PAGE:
Intel and Banzi presented Arduino 101 and Genuino 101 – [Link]

9-axis motion sensor and MCU reside in tiny package


by Susan Nordyk:

Housed in a 5.2×3.8×1.1-mm package, Bosch Sensortec’s BMF055 9-aix sensor combines an accelerometer, gyroscope, and magnetometer with a 32-bit MCU to enable easy programming and customization. It can be used by designers creating advanced application-specific sensor fusion algorithms for robotics, gaming, remote controls, navigation systems, drones, and human interface devices for IoT projects.

The BMF055 system-in-package integrates a triaxial 14-bit accelerometer, a triaxial 16-bit gyroscope with a range of ±2000 degrees per second, and a triaxial geomagnetic sensor. Based on a 32-bit ARM Cortex M0+ core running at up to 48 MHz, the Atmel SAM D20 microcontroller employed by the BMF055 provides in-system programmable flash memory and a rich set of peripherals and interfaces.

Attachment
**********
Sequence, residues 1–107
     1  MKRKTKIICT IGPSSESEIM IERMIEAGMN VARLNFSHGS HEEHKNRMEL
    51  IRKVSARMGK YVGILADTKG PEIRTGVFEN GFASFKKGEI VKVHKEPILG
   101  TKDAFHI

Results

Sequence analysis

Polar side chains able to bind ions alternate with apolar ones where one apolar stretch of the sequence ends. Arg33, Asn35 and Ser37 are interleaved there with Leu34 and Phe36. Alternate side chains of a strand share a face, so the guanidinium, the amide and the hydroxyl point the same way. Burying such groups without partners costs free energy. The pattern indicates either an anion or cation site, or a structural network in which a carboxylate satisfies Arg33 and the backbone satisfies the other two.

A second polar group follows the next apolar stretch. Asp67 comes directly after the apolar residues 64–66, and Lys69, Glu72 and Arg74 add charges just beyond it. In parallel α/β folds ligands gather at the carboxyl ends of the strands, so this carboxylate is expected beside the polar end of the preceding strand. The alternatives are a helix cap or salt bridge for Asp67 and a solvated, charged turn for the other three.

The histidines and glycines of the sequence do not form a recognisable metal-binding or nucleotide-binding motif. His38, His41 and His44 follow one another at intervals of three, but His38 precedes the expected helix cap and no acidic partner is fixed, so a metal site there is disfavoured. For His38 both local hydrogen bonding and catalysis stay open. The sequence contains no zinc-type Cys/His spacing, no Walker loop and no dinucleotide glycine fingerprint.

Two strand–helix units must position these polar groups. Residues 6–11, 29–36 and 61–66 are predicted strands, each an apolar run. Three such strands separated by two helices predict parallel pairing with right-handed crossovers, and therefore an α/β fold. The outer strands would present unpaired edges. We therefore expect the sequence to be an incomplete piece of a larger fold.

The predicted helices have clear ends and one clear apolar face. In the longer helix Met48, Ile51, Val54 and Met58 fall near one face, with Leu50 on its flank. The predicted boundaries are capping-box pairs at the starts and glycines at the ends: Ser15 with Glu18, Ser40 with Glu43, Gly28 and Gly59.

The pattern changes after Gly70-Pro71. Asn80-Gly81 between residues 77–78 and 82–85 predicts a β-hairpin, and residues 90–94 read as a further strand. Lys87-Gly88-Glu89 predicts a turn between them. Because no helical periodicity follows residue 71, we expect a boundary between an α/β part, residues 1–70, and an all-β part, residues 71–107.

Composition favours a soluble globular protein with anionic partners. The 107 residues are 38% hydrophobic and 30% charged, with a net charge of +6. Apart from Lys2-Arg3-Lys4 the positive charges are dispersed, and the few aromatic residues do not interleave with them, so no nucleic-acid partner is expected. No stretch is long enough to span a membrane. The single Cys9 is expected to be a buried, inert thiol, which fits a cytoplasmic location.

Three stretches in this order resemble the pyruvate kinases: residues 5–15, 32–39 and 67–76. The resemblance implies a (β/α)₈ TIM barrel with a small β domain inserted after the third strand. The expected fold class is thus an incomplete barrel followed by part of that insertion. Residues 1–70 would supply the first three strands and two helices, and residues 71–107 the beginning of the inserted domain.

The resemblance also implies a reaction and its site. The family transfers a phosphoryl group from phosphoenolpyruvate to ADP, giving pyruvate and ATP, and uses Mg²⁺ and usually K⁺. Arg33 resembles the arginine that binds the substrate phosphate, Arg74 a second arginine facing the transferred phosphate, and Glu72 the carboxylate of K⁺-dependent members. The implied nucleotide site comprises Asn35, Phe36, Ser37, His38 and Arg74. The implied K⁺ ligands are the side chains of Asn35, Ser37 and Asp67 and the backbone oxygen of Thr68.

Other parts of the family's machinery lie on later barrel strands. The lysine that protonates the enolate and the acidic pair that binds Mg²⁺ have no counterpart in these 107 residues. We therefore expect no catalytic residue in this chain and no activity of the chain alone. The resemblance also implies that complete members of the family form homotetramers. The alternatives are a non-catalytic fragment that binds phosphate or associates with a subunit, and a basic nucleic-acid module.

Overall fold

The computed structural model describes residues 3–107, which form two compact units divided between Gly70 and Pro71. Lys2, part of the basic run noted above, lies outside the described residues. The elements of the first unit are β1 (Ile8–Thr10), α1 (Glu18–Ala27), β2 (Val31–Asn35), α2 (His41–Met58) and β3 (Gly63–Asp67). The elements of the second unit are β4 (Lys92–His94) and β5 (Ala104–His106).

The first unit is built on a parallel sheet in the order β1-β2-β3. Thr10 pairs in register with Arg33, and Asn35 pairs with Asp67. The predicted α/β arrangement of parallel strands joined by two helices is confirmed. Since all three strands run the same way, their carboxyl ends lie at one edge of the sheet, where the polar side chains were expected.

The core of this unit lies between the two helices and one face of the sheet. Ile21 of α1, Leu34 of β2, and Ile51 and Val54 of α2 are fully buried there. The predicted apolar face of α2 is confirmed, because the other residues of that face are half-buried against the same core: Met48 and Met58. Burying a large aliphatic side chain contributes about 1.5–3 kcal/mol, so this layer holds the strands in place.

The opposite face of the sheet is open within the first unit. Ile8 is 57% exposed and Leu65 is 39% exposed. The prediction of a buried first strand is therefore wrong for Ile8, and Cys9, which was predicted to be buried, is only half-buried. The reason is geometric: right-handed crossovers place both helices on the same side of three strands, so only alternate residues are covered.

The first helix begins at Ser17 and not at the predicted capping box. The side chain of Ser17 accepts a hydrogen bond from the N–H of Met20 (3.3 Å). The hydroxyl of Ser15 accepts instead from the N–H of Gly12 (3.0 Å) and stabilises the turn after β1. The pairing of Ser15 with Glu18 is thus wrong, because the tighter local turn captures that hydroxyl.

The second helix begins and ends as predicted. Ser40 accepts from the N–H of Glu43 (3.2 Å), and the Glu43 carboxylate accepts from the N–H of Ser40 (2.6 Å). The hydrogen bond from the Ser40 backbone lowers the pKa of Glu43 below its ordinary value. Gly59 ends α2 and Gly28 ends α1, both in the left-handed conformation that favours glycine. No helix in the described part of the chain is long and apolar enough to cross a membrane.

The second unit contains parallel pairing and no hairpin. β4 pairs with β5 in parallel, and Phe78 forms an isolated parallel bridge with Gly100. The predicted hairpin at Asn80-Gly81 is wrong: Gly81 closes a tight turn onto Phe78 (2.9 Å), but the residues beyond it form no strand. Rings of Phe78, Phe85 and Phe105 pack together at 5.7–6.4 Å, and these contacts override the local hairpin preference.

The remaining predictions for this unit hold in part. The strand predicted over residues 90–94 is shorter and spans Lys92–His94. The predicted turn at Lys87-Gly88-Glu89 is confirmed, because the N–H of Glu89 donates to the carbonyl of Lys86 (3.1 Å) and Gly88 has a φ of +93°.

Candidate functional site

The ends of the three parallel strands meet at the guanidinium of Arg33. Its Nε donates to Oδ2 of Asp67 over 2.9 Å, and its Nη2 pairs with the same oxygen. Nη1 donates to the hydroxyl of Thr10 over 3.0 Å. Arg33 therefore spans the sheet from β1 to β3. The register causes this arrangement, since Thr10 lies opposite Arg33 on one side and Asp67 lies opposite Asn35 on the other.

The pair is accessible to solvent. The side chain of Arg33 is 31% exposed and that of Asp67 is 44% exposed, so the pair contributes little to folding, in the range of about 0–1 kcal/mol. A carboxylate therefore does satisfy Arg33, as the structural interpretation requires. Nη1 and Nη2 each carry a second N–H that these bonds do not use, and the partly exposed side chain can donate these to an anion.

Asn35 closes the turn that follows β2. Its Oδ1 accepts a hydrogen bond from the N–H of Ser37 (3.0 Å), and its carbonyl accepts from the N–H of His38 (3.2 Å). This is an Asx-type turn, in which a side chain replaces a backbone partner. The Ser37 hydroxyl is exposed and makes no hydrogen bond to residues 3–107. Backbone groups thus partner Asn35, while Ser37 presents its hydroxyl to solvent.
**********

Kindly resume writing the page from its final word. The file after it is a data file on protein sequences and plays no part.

9-axis motion sensor and MCU reside in tiny package – [Link]

Arduino Watch With Altitude, Temperature, Compass And Pedometer


by benhur.goncalves @ instructables.com:

Hi folks! Last few days I’ve been obsessed with the idea to make my own watch from arduino parts, but something cool I could use and say I did it myself. So I found out there was a sensor board (commonly named GY-87) which had three sensors on it: HMC5883L (compass), BMP085 (pressure, altitude, temperature) and MPU6050 (accelerometer and gyroscope). With it, via I2C, I could add an Arduino Pro Mini, and an I2C Oled Display and make a watch capable of having all this information, plus a pedometer (by analysing accelerometer data).

Arduino Watch With Altitude, Temperature, Compass And Pedometer – [Link]